Wednesday, December 3, 2008
Willa Brown (Chappell)
Read more about women pilots at Winged Victory: Women in Aviation webzine.
Willa Brown does not have an entry at Wikipedia.
There is an entry on her at Black Wings: http://www.nasm.si.edu/interact/blackwings/hstudent/bio_brown.cfm, featuring an excerpt written about her by Enoch Waters, the city editor of the Chicago Defender, a black newspaper, in 1936. (The founder and editor of this paper in the early 1900s, Robert S. Abbott, also helped Bessie Coleman get the funds to travel to France to become the first African American woman to get a pilot's license.)
There is an entry for her at Women Aviatiors: http://womenaviators.org/WillaBrown.html
From her page there:
Willa was born on January 22, 1906 in Glasgow, Kentucky. She earned a B.A. from Indiana Teachers College (1927) and an M.B.A. from Northwestern University (1937). She enrolled in the Aeronautical University in Chicago and earned a Master Mechanic Certificate. On June 22, 1938, she earned her private pilot's license with a near perfect test score.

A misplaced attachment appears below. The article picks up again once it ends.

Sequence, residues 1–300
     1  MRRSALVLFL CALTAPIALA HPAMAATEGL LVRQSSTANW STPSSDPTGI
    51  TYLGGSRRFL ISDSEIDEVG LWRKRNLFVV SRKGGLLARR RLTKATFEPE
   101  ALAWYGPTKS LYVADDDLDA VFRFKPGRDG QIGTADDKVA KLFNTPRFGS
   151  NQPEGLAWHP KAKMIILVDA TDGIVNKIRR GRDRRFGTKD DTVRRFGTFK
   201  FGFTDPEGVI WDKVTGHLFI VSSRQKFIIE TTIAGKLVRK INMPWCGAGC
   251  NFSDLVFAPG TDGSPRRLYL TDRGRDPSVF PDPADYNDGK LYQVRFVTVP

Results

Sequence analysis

Willa was instrumental in establishing the Coffey School of Aeronautics. (In doing so, she fulfilled Bessie Coleman's ambition of a black owned private flight school.) As the president of the Chicago branch of the National Airmen’s Association of America, she led the successful fight to integrate African Americans into the U.S. Army Corps.
Promoted to the rank of Lieutenant, Willa became the first African American officer in the Civil Air Patrol. She was a member of the Federal Aviation Administration's Women's Advisory Board and became the first African American woman to earn a commercial pilot's license (i.e., so that she could fly passenger airplanes). In 1946 she became the first African American woman to run for Congress.
Willa Brown died in July of 1992.